cause non-stars to leave the market.

             Proof. Unlike non-stars, potential stars who would enter when comparable firms earn

positive profit do not generally exist. However, consumers may now deem some previous non-

stars to be stars, which is equivalent to an exogenous increase in the number of stars. With a

                                                                                ln P D
market demand like the one considered above (eq.(4)),                            ln z    < 1 in order to have downward

sloping demand. In that case, if new stars cause z to increase, demand increases vertically by a

smaller percentage than z increased. Additionally, the market equilibrium price for average

quality, P( ), increases by a smaller percentage because i) supply is not vertical, and ii) supply

increased. Thus P( ) <                             , or P( ) < P0. However, arbitrage requires P(z0) =                    P( ), so

P(z0) < P0, which means non-stars earn negative profit. Some non-stars will exit,6 decreasing

market supply, but also raising z and thus increasing market demand. Both the demand increase

and supply decrease will raise P( ), and this process will continue until P(z0) = P0 and non-stars

earn zero profit.7

             Additional stars with average quality below would cause a reduction in P( ) initially,

since demand would decrease along with the increase in supply. The result could then be the

6                                                                                                                   z
    Stars will earn positive profit in this model, so one with z > z0 could charge a price slightly below P(z) =   z0   P0, still earn
positive profit, and induce buyers to strictly prefer buying an item with z > z0. Non-stars earn zero profit.
 The decrease in supply must be larger than the increase in demand for P( ) to increase proportionally more than does.
Otherwise, we would continue to have P(z0) < P0, and, ultimately, no non-stars would be in the market.

same as in the previous paragraph: non-stars would exit until P( ) increased sufficiently so

P(z0) = P0.8 

    2.5 The Model with Specific Parameter Values

             In order to consider how a competitive market might look, explicit functions for a firm’s

cost and for market demand are used. Using eq.(6), since we are interested in demonstrating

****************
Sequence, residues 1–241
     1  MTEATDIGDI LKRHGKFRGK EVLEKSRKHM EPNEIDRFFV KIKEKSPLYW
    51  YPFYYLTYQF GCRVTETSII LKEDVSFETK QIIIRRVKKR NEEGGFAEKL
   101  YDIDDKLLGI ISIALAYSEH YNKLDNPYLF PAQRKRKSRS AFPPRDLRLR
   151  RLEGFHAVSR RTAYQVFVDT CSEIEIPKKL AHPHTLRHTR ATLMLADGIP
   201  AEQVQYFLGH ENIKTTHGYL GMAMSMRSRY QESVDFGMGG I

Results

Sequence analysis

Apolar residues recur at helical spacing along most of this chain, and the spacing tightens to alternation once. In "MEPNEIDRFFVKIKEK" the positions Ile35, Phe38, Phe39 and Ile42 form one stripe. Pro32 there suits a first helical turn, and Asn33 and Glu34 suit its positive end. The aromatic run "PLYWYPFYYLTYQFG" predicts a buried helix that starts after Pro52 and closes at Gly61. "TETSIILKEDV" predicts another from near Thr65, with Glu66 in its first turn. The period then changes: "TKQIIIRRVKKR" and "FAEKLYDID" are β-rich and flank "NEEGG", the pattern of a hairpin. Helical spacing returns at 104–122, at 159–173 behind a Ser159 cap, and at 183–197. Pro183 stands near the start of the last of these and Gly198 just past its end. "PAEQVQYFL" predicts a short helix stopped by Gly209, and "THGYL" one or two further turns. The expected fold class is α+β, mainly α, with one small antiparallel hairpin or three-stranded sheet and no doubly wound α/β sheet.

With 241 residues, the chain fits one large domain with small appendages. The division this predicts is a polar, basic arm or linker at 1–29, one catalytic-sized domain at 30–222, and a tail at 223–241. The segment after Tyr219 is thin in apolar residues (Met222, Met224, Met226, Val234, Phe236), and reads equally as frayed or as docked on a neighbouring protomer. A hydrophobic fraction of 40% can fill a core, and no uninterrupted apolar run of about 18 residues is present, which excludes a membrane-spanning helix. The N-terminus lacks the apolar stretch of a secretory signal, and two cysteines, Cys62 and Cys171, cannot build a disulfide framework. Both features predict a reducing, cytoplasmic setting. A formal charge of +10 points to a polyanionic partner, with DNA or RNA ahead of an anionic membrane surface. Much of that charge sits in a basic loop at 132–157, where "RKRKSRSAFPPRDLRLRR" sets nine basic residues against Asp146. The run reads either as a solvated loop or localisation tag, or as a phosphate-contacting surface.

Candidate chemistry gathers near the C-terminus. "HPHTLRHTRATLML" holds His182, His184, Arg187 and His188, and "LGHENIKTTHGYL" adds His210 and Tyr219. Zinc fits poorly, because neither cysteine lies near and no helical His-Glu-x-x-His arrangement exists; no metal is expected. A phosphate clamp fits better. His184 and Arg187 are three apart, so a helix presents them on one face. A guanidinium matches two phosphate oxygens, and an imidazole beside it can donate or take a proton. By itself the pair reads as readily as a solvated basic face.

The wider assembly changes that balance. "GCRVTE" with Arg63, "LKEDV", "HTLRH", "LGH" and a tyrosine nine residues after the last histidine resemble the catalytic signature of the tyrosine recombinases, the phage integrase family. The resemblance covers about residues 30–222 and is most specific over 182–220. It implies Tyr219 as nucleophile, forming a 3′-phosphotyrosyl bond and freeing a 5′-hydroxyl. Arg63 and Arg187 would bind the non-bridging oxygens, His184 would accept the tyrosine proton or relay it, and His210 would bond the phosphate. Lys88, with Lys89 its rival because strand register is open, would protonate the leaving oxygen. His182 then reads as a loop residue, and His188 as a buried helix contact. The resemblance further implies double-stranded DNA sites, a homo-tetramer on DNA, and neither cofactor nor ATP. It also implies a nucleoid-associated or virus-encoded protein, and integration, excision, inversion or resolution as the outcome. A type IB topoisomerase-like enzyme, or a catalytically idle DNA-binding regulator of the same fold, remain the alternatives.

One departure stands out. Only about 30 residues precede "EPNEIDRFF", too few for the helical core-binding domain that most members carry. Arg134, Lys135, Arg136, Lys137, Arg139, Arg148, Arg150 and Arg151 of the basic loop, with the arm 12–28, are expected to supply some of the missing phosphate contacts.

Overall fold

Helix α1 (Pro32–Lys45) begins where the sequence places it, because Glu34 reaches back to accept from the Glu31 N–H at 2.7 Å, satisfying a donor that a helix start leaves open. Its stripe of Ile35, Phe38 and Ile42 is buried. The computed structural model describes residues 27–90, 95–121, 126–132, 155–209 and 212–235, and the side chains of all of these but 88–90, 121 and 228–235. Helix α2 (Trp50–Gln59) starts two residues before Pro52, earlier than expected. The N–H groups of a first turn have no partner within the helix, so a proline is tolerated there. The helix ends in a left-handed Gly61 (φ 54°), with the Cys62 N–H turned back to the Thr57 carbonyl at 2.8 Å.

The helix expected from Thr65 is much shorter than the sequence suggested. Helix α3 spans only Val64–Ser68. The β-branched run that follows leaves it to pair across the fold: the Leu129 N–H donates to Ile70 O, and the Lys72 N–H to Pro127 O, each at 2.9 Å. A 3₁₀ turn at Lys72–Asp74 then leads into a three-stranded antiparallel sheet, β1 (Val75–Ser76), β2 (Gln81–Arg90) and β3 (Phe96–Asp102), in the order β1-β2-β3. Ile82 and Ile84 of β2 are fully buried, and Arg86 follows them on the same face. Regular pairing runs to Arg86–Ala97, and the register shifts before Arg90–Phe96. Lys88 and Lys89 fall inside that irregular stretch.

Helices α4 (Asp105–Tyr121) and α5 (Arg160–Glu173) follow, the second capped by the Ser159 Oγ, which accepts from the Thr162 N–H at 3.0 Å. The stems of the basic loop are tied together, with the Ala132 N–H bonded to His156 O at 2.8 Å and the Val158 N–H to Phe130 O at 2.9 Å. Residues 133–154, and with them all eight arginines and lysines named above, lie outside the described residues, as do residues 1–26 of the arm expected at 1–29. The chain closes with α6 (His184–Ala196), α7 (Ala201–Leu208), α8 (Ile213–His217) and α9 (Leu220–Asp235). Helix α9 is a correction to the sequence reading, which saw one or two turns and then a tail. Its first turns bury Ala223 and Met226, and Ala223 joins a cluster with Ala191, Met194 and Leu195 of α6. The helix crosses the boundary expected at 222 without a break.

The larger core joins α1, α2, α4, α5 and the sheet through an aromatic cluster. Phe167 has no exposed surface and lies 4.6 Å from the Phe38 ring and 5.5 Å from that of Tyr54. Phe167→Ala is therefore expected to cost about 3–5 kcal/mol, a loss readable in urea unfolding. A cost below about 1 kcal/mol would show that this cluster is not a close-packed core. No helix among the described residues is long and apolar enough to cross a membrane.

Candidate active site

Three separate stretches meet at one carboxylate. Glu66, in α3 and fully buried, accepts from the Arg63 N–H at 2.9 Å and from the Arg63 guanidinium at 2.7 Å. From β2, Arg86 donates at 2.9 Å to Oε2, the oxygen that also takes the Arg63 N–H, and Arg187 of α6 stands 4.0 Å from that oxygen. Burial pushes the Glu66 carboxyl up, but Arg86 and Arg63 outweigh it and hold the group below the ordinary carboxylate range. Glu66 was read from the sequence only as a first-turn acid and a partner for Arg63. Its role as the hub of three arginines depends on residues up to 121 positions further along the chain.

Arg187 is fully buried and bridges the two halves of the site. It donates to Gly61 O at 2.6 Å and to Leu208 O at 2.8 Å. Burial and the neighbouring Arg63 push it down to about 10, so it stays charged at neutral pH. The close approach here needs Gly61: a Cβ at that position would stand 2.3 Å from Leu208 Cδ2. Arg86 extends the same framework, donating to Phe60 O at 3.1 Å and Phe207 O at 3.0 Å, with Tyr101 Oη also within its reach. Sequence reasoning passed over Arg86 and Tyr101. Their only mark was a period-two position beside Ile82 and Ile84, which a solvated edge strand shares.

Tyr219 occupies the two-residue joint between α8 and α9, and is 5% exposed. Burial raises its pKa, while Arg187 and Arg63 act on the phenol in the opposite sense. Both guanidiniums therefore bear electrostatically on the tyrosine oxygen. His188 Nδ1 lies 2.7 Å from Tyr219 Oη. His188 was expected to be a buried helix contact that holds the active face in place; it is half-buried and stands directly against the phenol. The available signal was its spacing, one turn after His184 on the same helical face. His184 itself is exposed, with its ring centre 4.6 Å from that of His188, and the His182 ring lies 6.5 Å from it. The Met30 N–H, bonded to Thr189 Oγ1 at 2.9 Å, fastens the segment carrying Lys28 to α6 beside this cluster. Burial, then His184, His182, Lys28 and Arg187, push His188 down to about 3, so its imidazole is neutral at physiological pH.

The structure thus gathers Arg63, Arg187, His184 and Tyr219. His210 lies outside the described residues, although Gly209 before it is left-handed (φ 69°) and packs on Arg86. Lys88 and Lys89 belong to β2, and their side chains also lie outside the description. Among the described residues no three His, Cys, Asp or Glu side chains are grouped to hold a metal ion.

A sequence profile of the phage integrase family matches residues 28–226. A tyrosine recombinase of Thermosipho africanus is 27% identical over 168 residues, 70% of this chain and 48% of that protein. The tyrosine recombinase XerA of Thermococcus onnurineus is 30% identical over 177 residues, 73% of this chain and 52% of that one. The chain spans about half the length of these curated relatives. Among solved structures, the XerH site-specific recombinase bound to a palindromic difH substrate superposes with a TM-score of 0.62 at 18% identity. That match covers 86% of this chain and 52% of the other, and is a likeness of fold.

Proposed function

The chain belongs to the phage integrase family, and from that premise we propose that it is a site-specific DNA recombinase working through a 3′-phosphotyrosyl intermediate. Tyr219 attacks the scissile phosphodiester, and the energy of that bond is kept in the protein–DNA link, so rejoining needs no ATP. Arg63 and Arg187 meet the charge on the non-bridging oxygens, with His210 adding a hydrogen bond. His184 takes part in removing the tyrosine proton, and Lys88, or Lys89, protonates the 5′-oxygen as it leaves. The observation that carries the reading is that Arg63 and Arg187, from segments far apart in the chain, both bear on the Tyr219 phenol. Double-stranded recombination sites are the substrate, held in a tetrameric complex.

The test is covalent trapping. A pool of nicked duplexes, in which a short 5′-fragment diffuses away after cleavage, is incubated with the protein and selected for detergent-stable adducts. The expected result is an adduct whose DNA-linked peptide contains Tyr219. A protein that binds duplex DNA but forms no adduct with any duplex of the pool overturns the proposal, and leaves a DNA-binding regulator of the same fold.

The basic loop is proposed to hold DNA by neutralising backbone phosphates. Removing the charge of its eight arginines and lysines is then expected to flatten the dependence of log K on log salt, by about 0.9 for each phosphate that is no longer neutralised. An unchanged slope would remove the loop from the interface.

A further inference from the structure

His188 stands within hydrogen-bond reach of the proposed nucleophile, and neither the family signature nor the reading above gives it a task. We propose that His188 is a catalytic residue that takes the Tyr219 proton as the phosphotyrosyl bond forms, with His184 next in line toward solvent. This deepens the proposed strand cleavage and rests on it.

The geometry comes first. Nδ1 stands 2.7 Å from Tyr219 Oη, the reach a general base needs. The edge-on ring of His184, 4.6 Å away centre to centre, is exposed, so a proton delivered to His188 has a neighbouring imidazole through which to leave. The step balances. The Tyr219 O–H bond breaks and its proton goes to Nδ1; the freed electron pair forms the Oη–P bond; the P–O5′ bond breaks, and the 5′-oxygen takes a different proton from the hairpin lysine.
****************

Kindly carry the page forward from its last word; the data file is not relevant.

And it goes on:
superstar effects when marginal cost is not inversely related to quality and output, it is assumed

for simplicity total cost is independent of quality ( = 0), and total variable cost is simply the

square of output ( = 2): C = q2 + F. Entry and exit will force P(z0) equal to the height of the

minimum point of average cost. At this point, q = F1/2, and the height of average cost equals

2F1/2  P0.

             As a price taker, a firm maximizes  by setting marginal cost equal to price, so

q(z) = zP0/2z0, with the lowest quality sellers (z = z0) producing q = q0 = P0/2. Additionally, to

simplify the derivations, from eq.(4), assume  = ½, so inverse market demand becomes:

             pD = A                  .                                                                                 (17)

             Suppose we have two types of sellers: stars, of whom there are s, and non-stars, of whom

there are n. Since stars each produce qStar = zP0/2z0, and non-stars each produce q0 = P0/2, then

average quality is:

  Since z has been reduced, it is possible the decrease in P( z ) would be small enough so P(z0) > P0. Non-stars would earn
positive profit, more of them would enter the market, demand would decrease due to the further reduction in z , and P( z ) would
fall until P(z0) = P0. Assume appropriate shapes for demand and supply, so the equilibrium does not result in a corner solution in
which is driven to z0 as supply increases and demand decreases continue to lead to P(z0) > P0.

                               .                                                          (18)

Using the arbitrage condition (eq.(5)) with z = , and inverse market demand (eq.(17)), total

demand is:

         Q=            .                                                                 (19)

    Total supply is:

         Q=                .

Using market demand and supply, we have:

         (P0)3(nz0 + sz) = 2A2(z0)3   ).                                                (20)

         Given values for z, z0, s, P0, and A, we can use eqs.(18) and (20) to determine the number

of non-stars in the market, and stars share of total output and revenue. We do this in the next


3. Numerical examples of market equilibrium

         As discussed in the introduction, for music concerts, Krueger (2005) finds the top 5% (in

terms of revenue) of artists earned 62% of U.S. concert revenue in 1982 and 84% of concert

revenue in 2003. Also, Figure 2 in Krueger (2005) shows artists with the highest ticket prices had

prices more than three times the $40 plus average for recent years. To see if the competitive

model developed herein can generate similar results, consider two numerical examples using

eqs.(18) and (20). The numerical values were chosen for their simplicity, constrained by